AIF braces business leaders for new legislative session

In preparation for the upcoming legislative session, Associated Industries of Florida held a briefing for business leaders on what to expect.

Brewster Bevis, the lobbying firm’s senior vice president of state and federal affairs, said the No. 1 issue facing legislators is health care and Gov. Rick Scott’s proposal to expand Medicaid.

“This is a huge new piece of the puzzle,” Bevis said.

Florida has the nation’s third highest rate of uninsured, said Tamela Purdue, AIF’s general counsel. The Medicaid expansion could cover an additional 900,000 people.

While Medicaid costs Florida about $21 billion per year – about 30 percent of the state budget — federal funding covers half those costs. Of the 3 million people covered, nearly half are children.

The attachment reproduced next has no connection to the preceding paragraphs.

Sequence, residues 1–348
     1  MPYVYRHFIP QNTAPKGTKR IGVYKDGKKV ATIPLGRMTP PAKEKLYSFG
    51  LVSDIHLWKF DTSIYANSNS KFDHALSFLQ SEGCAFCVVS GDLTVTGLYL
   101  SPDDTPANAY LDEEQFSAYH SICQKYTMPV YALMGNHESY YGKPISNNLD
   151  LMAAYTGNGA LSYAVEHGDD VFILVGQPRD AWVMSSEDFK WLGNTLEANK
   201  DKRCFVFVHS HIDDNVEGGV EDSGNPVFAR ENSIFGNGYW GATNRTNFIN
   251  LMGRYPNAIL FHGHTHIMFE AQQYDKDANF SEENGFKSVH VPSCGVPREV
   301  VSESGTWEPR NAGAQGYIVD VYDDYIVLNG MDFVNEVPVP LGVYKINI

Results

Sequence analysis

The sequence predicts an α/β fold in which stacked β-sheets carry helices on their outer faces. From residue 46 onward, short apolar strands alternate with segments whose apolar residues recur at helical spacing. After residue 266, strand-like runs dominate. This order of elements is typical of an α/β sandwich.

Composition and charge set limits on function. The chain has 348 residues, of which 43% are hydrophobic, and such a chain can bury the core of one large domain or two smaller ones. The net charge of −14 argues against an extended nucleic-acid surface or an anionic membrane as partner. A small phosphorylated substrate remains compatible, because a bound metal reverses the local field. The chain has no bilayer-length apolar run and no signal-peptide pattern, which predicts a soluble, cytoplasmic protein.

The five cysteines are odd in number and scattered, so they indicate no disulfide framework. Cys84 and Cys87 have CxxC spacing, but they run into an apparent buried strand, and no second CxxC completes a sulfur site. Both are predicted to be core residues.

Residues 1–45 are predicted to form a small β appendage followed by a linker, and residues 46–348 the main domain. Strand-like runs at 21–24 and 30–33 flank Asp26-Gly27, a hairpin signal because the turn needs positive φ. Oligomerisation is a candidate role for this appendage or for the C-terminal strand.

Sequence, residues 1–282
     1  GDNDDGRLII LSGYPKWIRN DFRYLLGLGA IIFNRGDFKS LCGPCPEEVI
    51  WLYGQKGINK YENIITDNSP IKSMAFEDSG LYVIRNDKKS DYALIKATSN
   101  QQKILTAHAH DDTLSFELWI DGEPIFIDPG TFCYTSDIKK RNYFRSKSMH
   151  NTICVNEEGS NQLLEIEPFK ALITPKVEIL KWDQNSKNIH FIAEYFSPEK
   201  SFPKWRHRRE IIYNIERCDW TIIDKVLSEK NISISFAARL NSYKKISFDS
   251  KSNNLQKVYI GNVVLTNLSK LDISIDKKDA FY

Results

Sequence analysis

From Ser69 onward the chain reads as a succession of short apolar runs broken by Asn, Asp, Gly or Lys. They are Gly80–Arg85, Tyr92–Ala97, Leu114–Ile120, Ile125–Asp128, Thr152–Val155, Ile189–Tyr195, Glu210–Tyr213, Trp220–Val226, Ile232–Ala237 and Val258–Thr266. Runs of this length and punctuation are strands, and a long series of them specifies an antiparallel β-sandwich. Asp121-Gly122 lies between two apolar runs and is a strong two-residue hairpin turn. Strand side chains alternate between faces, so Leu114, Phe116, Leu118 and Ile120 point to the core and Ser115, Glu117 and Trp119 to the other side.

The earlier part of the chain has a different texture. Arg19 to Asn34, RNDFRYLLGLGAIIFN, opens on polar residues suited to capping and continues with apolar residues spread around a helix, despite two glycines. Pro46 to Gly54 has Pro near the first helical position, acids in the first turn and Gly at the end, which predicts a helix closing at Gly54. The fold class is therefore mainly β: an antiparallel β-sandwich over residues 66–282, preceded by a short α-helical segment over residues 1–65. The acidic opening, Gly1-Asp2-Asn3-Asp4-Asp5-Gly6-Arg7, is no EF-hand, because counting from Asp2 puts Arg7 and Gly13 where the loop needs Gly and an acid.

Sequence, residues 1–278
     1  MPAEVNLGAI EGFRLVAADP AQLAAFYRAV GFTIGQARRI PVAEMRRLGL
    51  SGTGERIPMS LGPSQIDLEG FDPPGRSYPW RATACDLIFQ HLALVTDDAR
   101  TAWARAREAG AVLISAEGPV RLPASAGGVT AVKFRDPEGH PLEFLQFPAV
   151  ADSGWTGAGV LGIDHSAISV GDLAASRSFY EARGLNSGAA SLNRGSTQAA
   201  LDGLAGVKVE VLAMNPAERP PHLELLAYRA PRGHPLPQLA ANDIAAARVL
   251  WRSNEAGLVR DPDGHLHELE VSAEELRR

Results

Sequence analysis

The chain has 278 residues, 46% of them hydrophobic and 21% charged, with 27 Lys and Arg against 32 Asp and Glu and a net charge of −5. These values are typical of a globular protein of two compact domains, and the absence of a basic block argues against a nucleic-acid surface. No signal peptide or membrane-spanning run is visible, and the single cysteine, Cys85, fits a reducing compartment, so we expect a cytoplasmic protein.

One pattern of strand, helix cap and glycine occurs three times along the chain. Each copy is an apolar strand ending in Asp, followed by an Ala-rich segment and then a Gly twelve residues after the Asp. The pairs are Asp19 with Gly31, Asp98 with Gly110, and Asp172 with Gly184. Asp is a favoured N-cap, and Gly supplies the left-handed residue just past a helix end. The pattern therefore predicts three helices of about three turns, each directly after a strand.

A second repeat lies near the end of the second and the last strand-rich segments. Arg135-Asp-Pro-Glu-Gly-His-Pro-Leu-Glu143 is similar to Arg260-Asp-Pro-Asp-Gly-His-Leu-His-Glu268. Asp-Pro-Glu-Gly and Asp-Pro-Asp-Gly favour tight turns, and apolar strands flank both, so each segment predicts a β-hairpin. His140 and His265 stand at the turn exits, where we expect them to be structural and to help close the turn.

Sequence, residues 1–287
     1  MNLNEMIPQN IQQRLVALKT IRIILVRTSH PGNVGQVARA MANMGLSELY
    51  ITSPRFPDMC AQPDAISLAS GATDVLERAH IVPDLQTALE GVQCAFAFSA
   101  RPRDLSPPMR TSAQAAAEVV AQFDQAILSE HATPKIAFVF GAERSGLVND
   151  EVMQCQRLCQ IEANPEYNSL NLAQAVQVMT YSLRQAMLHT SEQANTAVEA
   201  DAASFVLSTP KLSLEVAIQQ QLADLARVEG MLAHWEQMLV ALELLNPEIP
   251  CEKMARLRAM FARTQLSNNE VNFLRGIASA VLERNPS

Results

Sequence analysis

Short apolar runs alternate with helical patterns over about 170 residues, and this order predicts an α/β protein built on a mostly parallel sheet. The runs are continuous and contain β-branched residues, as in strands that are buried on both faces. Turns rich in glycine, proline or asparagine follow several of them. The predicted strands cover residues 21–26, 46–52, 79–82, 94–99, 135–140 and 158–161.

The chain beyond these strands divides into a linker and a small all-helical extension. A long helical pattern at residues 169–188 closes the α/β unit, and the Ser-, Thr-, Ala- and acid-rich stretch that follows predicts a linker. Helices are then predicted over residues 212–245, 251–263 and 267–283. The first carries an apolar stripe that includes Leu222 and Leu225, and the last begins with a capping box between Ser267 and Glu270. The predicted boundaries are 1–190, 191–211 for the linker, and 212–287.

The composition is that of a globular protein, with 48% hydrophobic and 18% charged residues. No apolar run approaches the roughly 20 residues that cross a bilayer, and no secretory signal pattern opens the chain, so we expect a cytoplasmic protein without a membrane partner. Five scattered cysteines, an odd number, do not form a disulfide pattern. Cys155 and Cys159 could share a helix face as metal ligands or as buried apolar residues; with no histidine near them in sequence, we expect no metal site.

Purdue said the Legislature will be looking for ways to reduce costs, assessing the way patients access care and services, putting more focus on prevention and continuing to combat fraud.

Since the briefing was held on his home turf, Senate Minority Leader Chris Smith, D-Oakland Park, was invited to share his thoughts on session priorities. Smith said the House and Senate “view things in different ways,” and although he didn’t elaborate on how the two bodies would approach it, he said Medicaid expansion is a prime example.

“We can’t afford not to go in this direction,” Smith said, adding that hospitals cannot survive without compensation for indigent care, which they would receive under the proposal.

All seemed to agree that ethics and election reform measures were top priorities for the 2013 session. The Senate has proposed an ethics bill, and the House has offered an election reform measure.

Smith said property insurance and the catastrophic aid fund could also be a major focus of debate.

“It will be tough to pass a bill that will increase rates,” Smith said. “We’re looking for ideas, looking for anything that will help.”

Eastern Seaboard and Gulf states are working together to minimize the risk and create a regional compact, he said.

The legislative session begins Tuesday.


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